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Basil of Caesarea, Gregory of Nyssa, and the Transformation of Divine Simplicity$
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Andrew Radde-Gallwitz

Print publication date: 2009

Print ISBN-13: 9780199574117

Published to Oxford Scholarship Online: January 2010

DOI: 10.1093/acprof:oso/9780199574117.001.0001

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Basil of Caesarea II: Concepts, Reality, and Reading

Basil of Caesarea II: Concepts, Reality, and Reading

Chapter:
(p.143) 6 Basil of Caesarea II: Concepts, Reality, and Reading
Source:
Basil of Caesarea, Gregory of Nyssa, and the Transformation of Divine Simplicity
Author(s):

Andrew Radde‐Gallwitz

Publisher:
Oxford University Press
DOI:10.1093/acprof:oso/9780199574117.003.0007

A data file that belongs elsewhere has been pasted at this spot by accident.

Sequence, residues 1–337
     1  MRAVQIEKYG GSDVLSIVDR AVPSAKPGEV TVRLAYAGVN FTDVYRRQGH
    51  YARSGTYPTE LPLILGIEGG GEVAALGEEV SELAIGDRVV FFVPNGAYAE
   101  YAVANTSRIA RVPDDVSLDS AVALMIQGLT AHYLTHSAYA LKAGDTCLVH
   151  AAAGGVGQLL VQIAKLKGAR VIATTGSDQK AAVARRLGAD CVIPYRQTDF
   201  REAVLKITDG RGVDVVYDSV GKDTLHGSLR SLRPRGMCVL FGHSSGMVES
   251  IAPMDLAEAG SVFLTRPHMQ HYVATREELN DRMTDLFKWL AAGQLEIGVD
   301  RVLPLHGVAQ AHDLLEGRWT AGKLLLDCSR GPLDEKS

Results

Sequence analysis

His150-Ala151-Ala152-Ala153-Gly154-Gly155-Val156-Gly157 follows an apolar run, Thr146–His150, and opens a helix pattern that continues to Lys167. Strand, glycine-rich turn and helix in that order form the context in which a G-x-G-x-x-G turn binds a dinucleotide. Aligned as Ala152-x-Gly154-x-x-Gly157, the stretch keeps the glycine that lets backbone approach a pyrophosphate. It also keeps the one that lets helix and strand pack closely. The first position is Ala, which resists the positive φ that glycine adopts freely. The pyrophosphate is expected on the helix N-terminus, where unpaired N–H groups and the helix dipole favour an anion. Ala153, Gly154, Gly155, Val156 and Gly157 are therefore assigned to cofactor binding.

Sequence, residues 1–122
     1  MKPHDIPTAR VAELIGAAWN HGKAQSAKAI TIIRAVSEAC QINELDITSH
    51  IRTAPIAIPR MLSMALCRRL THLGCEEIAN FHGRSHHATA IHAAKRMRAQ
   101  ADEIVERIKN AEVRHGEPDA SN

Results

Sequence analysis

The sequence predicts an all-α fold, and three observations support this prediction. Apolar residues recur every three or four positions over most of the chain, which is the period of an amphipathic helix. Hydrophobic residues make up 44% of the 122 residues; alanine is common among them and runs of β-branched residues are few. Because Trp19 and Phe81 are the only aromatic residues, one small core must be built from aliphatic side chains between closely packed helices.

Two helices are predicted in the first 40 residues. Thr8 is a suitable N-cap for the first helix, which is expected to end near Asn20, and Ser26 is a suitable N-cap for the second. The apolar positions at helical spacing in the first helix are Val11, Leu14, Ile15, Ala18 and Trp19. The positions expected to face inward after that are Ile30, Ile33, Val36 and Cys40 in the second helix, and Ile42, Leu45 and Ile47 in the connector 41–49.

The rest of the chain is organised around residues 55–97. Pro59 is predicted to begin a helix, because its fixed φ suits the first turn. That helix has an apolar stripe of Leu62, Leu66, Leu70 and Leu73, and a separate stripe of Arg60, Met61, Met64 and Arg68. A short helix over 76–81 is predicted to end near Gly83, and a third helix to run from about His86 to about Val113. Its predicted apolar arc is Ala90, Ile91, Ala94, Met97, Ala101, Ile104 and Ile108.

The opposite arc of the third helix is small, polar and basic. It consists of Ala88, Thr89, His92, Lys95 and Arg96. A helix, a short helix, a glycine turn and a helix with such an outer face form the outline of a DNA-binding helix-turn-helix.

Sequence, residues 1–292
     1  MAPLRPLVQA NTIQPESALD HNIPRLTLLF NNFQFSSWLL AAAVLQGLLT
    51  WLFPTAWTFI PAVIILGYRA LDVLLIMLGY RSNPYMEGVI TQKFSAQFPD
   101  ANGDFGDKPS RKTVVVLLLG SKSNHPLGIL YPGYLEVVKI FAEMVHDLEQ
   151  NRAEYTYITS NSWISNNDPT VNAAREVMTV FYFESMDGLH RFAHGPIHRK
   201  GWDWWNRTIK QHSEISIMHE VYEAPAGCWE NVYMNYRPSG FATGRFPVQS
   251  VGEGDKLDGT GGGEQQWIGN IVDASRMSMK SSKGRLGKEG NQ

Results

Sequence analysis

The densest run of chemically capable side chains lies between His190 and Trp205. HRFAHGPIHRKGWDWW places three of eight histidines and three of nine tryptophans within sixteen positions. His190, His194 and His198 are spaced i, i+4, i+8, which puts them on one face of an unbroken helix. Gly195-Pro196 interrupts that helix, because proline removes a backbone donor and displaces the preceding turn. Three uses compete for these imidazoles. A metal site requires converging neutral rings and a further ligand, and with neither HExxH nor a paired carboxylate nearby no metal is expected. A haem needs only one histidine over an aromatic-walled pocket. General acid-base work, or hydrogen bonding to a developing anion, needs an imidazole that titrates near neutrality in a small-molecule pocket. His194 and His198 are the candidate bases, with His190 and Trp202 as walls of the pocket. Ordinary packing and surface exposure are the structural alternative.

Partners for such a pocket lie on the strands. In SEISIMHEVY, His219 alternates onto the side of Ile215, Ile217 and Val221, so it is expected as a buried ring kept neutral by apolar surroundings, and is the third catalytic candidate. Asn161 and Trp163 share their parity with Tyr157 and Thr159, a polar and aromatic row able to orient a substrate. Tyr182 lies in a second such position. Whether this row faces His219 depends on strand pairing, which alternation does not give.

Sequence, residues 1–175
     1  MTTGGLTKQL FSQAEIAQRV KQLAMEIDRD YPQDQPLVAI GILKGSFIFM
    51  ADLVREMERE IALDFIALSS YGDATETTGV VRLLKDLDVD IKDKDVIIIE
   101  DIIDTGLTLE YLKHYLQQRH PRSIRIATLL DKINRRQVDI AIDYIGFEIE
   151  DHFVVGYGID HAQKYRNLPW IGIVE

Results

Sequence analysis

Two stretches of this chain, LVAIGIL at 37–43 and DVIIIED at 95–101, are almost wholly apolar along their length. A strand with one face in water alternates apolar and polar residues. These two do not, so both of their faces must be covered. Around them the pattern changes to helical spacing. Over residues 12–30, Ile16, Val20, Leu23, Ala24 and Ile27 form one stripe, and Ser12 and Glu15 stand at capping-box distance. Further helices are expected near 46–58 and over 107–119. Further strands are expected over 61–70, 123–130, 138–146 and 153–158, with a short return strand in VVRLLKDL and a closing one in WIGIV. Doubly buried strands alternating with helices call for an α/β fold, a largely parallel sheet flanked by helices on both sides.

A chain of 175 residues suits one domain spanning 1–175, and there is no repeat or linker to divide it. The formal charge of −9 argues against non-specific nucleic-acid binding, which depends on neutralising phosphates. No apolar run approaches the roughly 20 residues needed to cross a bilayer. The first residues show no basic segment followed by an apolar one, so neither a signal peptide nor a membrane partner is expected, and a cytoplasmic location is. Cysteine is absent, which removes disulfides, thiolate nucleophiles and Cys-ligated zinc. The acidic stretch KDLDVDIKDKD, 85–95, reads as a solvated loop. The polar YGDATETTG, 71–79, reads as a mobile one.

Chapter 6 is the second of two chapters on Basil of Caesarea. The chapter first focuses on the way Basil reclaims the idea that at least some theological terms are devised through human conceptualization. Through conceptualization, we refine our thinking without suggesting that the object being thought about is inherently more complex. Hence, conceptualization can be used for thinking about God and developing more nuanced concepts of God without this implying that God is not simple. For Basil, ingeneracy is itself a concept devised through conceptualization. A second section examines Basil's account of the simple divine essence. For Basil, Father and Son share in this essence in the sense that they share a common formula of being. That is, titles such as ‘light’ and ‘life’ are applied equally and in the same sense to both. Basil views these titles as inherent in the divine nature in the way propria are inherent in mundane natures. Basil attempts to explain how this can be true without thinking of the divine attributes as parts of the essence, that is, as essential complements. A final section examines how Basil's account of simplicity influences his exegesis of disputed biblical texts, focusing on John 14:28.

Keywords:   Basil of Caesarea, conceptualization, divine simplicity, propria, formula of being, exegesis, essential complements

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